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 Perched upon the granite shore of Lake Superior is Pukaskwa National Park, home to Ontario’s  Coastal Hiking Trail. Located just south of Marathon, the park has an amazing variety of hiking and paddling routes, a diverse wildlife population, and a rich Anishinaabe First Nations history.  

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You may be wondering, “how do you pronounce Pukaskwa?” The origin of the word Pukaskwa is debated among naturists and historians but is said to reference the process of cooking marrow from animal bones by the Ojibway and Cree people of the area. One thing that we learned during our visit is that the name is pronounced as “Puk-a-Saw”. 

A trip to Pukaskwa provides endless opportunities for hikers, paddlers, and wildlife viewers and is a worthy stop on any cross-Canada road trip, no matter the time of the year! 

Pukaskwa National Park. Ontario
Pukaskwa National Park. Ontario

How to Get to Pukaskwa National Park

Getting to Pukaskwa National Park from Toronto or Ottawa takes 12-13 hours. The drive follows the scenic Trans-Canada Highway along the shores of the Great Lakes from Sudbury. The long journey ventures through some of Ontario’s most unique landscapes and is anything but boring. 

Coming from Southern Ontario, it is a 5-hour drive (413 km) from Sault Ste. Marie to the entrance of the park. If you’re coming from Northern Ontario, the park is a 3.5 hour drive from Thunder Bay (317 km) and it is an equally beautiful trip along Ontario’s Highway 17. 

Don’t have your own wheels? You can take a bus from Thunder Bay to Marathon and arrange for a taxi to bring you into the park. But, you will need to do all of your exploring on foot as there are no shuttle services within the park. If you’re feeling extra adventurous, you can paddle or sail into Pukaskwa’s Hattie Cove from another launch point on the lake.  

Because of the distance and the variety of things to do, it’s best to plan for a multi-day stay when visiting Pukaskwa National Park.

Road leading to Pukaskwa National Park
Road leading to Pukaskwa National Park

Best Time to Visit 

Pukaskwa is open all year round, but is a particularly popular spot to visit from May-October. It makes for an ideal summer trip or a fantastic opportunity to see the fall colours during the fall months. It’s important to note that all opening and closing dates are weather dependent, so it’s best to check Parks Canada or contact the park directly when planning your trip, especially if you are traveling outside of the May-October time frame.

Park Fees

There is a daily entrance fee of CAD $5.90 ($2.90 in the Fall) for an individual, or a family/group rate of CAD $12 ($6 in the fall). There is an option for a seasonal pass ($60.20 for a family/group) if you plan to visit often. 

If you’re thinking of visiting more than one Canadian National Park this year, a Parks Canada Discovery Pass ($139.40 for a family/group pass) is an excellent option for getting unlimited access to over 80 National Parks in Canada and contributing to keeping Canada’s National Parks maintained and beautiful! We have one and love the convenience that it brings when visiting National Parks in Ontario and other parts of Canada.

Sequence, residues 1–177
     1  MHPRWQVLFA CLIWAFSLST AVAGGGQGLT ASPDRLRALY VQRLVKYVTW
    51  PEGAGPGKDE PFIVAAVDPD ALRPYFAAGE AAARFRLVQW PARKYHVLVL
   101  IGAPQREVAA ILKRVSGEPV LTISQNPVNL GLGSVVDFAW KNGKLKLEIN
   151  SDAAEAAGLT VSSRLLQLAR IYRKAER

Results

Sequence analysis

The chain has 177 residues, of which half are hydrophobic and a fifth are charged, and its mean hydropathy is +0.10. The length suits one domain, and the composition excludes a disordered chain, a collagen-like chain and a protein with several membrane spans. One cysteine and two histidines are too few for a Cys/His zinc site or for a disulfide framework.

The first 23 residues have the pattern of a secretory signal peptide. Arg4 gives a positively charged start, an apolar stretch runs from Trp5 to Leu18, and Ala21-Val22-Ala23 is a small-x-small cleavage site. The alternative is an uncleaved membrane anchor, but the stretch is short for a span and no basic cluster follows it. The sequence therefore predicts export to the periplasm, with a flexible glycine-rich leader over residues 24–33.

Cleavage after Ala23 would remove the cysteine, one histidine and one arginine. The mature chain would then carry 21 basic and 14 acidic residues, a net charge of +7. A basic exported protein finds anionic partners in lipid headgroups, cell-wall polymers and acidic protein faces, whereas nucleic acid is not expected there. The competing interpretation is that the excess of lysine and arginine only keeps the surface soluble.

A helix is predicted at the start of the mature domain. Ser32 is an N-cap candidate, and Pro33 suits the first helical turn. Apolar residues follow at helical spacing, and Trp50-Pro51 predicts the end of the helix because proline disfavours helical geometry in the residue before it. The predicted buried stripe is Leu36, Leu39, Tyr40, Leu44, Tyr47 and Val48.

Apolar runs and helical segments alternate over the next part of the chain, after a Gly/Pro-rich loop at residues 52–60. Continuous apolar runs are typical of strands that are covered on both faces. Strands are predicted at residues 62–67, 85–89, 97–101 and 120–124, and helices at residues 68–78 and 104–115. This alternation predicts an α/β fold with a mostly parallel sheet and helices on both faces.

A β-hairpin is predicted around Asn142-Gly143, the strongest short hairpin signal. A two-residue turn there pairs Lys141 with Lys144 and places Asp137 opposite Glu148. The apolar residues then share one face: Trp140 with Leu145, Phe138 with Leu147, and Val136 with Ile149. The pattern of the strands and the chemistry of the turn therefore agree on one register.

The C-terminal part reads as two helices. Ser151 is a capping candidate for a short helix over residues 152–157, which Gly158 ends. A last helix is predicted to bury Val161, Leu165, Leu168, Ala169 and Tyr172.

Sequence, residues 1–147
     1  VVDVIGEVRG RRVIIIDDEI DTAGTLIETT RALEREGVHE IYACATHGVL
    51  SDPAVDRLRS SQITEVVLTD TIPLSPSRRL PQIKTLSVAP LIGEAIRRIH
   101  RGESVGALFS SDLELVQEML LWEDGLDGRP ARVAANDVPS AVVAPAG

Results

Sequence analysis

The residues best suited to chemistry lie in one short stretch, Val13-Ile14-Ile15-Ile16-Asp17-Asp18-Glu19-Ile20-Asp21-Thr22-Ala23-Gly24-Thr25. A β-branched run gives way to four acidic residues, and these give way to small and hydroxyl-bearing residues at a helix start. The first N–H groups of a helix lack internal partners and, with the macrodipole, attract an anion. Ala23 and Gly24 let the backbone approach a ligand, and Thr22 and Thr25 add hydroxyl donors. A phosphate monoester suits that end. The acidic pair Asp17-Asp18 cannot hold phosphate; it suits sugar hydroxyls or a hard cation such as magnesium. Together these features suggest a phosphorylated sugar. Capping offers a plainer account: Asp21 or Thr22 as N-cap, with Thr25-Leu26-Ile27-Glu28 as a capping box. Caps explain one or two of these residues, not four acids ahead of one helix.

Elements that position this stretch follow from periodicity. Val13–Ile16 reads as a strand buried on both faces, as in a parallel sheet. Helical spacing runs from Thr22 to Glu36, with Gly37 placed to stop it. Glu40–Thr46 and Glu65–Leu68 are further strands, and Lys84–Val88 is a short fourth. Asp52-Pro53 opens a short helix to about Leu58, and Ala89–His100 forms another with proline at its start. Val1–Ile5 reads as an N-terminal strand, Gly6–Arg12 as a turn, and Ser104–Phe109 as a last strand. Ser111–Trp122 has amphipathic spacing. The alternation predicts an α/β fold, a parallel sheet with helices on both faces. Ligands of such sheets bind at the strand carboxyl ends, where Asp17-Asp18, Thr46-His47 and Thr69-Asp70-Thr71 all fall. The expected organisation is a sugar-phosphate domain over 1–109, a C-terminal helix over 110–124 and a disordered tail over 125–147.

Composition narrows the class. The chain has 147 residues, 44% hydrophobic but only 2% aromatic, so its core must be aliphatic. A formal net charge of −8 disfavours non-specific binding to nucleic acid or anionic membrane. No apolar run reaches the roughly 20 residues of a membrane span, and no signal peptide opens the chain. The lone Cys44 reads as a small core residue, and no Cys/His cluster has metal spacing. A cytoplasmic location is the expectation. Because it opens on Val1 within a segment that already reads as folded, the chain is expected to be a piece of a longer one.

Things to do in Pukaskwa National Park

Northern Ontario is a wilderness playground and Pukaskwa National Park is no exception. From sinking your toes in the sand at Horseshoe Beach to embarking on the rugged White River Suspension Bridge Hiking Trail, Pukaskwa offers plenty of outdoor activities for everyone to enjoy.    

Day Hikes

Hiking is one of the most popular activities at Pukaskwa National Park. There are many trails ranging in length and difficulty level and plenty of opportunities for backcountry exploration as well.    

Some of the best day hikes Pukaskwa has to offer are all about soaking in the views of Lake Superior and trekking through the trees of Canada’s boreal forest. 

Southern Headland Trail (2.2 km) 

One of the most popular day hikes in Pukaskwa National Park is the 2.2 km Southern Headland Trail that takes just over an hour to complete. On this trail, you’ll find yourself on the rugged shore, surrounded by panoramic views of Hattie Cove, Pulpwood Harbour, and Horseshoe Bay.    

Hiking the Southern Headland Trail also makes for a great photo opportunity since it is the home of the Parks Canada red chair experience. Launched in 2014, the red chair experience is a Parks Canada initiative created to help connect Canadians with nature at some of the country’s coolest and most revered landmarks. The red chair symbolizes a place to sit down for a moment and admire a view. Or, congratulate yourself on completing a hike. Red chairs can be found at National Parks across the country from British Columbia to Newfoundland.  

Red chairs on the Southern Headland Trail in Pukaskwa National Park
Red chairs on the Southern Headland Trail in Pukaskwa National Park
Pukaskwa during Summer

Beach Trail (2 km)

Being one of the largest lakes in the world, Lake Superior creates an ocean-like coast with expansive beaches sprinkled with bleached driftwood. The Beach Trail is an hour-long hike from the visitor centre and the stroll along Middle Beach allows you to enjoy the sand and cool off in the water.

Manito Miikana (2 km)

Deemed “the Spirit Trail,” this hour-long hike winds through the rocky terrain on the west side of Horseshoe Bay. A set of stairs brings you to an amazing view of Lake Superior and its surrounding rivers and sand dunes. Complete with viewing decks along the trail to take a pause and soak it all in.

Boardwalk Beach Trail (1.2 km)

This beachside trail is only a 30-minute roundtrip hike from the visitor centre and is the perfect place to catch a sunset over Pukaskwa’s famous Horseshoe Bay. The trail is almost entirely flat so it makes for an accessible walk that anyone can enjoy.